August 4th & 5th
August 3rd – After posting our last blog entry, the Admiral’s brother Keith and significant other Donna Martel drove over from their rental on Deer Isle for a visit. We had a great time exploring the packed Jordon Pond House parking lot. This was Keith’s kind of place and he reluctantly drove away when we suggested a less crowded venue. After explaining that he did like people he just didn’t like any these particular folks we knew we had made the right decision. The Admiral and Captain had never been to the Asticou Inn, which sits as a regal lady looking over all of Northeast
Harbor. Since Keith and Donna had not been either, we were all happy to find an empty parking space and an outdoor table looking out over the Harbor and out the Western Way. The Inn has existed since the 1880’s, with this particular building dating to 1905. It was a beautiful place and we were all thrilled to find the popovers on the menu to be every bit as good as those at Jordon Pond. After an entertaining and very informative visit (for the Admiral learning the truth of activities from the distant past) we said good-by to Keith and
Donna knowing they were dying to get back to shopping in Ellsworth. In the late afternoon an Eastbay 43 power boat with skipper Andy Pease and son David arrived. Andy is our son-in-law, and he had just made the trip to Northeast from Casco Bay in a little over 5 hours. The voyage would last 3 days aboard Pathfinder! Our daughter Joanna was away on a business trip, but Andy and David were planning on meeting her the next day in Belfast. We had another great visit, and Andy & David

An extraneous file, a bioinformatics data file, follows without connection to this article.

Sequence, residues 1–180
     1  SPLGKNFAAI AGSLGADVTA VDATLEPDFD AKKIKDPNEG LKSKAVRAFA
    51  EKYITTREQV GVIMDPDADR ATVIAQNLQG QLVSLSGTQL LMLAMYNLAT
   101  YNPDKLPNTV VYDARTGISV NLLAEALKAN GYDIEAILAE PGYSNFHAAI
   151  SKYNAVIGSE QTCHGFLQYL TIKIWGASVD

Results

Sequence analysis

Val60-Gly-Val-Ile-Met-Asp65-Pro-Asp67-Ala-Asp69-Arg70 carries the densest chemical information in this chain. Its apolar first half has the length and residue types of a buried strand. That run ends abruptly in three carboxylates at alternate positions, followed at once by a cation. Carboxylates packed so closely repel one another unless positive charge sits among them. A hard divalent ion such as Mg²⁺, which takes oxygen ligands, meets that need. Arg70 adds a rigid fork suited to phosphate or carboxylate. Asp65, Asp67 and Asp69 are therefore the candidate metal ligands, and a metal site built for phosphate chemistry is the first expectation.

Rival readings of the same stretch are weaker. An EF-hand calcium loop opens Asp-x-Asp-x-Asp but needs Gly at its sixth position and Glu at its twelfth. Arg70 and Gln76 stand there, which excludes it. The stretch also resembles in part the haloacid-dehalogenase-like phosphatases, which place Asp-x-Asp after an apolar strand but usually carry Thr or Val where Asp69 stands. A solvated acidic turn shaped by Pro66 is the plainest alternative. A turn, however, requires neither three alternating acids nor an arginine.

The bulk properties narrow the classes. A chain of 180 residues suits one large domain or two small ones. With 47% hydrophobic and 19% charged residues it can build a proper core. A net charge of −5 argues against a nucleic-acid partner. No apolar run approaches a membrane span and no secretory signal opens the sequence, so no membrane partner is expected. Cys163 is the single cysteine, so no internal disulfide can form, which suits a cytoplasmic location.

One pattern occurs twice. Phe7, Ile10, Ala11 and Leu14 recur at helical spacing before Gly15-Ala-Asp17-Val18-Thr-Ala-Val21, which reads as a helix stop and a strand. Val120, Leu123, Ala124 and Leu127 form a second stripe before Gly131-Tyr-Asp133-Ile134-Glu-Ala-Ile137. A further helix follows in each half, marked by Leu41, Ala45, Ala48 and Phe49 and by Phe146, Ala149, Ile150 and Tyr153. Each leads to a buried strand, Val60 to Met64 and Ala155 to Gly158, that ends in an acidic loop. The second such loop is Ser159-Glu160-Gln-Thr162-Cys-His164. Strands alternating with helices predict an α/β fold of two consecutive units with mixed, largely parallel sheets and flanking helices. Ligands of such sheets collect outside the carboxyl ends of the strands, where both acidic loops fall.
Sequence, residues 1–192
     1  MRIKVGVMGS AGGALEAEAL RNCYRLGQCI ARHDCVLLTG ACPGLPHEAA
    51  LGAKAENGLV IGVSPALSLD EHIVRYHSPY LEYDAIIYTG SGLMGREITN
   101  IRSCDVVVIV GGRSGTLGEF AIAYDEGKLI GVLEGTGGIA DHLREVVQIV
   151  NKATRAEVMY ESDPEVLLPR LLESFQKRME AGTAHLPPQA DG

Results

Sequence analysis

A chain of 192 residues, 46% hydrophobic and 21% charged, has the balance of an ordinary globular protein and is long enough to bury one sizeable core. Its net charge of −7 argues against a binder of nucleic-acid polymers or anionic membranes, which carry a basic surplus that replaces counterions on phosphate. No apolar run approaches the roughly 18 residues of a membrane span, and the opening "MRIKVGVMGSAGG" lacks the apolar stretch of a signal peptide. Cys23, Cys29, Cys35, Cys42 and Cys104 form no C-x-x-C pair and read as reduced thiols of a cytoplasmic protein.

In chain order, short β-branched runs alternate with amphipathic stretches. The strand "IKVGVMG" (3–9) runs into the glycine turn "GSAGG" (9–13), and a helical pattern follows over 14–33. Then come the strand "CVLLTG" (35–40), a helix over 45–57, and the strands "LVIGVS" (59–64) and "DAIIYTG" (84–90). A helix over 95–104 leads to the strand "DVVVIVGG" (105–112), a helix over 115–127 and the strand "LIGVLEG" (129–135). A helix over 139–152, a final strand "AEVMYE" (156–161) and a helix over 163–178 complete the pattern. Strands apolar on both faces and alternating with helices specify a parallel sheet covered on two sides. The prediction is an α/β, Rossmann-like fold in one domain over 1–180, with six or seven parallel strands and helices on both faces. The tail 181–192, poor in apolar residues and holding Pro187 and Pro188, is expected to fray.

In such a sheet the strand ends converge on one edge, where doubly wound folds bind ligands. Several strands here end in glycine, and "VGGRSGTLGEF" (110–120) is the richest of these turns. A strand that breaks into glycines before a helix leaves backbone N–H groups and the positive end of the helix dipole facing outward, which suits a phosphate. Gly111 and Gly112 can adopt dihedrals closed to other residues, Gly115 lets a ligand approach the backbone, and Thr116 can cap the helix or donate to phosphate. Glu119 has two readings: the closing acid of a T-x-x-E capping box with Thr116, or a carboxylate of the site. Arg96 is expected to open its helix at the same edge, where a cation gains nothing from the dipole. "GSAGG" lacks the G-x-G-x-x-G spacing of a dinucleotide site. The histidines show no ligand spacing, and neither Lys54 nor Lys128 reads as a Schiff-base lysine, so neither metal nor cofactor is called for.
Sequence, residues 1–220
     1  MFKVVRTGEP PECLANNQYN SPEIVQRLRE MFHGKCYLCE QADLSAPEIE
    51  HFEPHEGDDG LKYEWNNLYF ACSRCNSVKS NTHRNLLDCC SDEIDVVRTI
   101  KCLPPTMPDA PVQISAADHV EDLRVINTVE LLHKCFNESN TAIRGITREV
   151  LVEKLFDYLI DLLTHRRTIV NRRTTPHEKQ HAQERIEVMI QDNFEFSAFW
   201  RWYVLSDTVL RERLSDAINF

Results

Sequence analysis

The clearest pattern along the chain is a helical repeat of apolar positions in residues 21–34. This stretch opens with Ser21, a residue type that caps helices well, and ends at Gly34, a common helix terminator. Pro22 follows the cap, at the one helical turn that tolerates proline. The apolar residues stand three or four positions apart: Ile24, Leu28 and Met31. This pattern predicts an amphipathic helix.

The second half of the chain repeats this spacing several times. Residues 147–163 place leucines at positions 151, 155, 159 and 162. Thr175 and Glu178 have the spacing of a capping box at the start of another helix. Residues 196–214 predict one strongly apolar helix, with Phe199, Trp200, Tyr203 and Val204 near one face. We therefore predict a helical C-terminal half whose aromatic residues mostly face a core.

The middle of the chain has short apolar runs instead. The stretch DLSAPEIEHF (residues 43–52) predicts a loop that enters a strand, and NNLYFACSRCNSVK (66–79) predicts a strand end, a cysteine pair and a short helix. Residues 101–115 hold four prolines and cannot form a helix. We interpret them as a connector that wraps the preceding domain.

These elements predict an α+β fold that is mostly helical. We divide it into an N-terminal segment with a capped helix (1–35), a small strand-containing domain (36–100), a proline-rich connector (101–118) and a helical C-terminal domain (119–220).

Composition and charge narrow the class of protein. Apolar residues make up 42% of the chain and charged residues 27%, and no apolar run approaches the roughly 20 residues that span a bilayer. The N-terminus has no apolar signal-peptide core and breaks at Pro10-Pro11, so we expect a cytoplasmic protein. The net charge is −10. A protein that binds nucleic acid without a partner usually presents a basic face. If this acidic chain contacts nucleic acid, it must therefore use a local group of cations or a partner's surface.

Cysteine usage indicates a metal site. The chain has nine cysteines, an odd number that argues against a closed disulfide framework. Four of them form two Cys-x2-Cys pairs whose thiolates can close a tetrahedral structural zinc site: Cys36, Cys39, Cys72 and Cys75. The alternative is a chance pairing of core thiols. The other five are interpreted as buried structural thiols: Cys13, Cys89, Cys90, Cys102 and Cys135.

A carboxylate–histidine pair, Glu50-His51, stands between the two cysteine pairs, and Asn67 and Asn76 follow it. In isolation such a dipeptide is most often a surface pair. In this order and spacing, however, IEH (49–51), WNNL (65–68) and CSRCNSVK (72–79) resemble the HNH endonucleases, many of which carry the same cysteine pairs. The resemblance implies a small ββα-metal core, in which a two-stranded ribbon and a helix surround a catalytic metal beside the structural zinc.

helped us consume one of the meals that had been made ahead of time for the Fundy
– A foggy morning in Northeast Harbor and the Admiral and Captain snoozed a bit longer than normal, so they were just clearing the breakfast dishes when Jeremy, the mechanic from Hinkley pulled alongside in a 20 foot RIB with twin 150’s on the stern. Jeremy was a very polite young man with a hard working attitude and we all hoped he would have the answers to Pathfinder’s lingering engine issues. He had a brand new raw water pump and thought that the installation would go quickly. He also had two new sensors for the oil pressure and engine temperature alarms. He had not been informed about the engine tachometer, which had not been working since the engine had started up again in Southwest Harbor. As he worked on removing the old water pump a problem quickly arose, as it seems Westerbeke designed the removal (and installation) with a contortionist in mind. One of the nuts could only be accessed with an open wrench and moved about 1/8 of an inch with each swing. Needless to say the removal process was very slow. As soon as it was out Jeremy had concerns about the amount of oil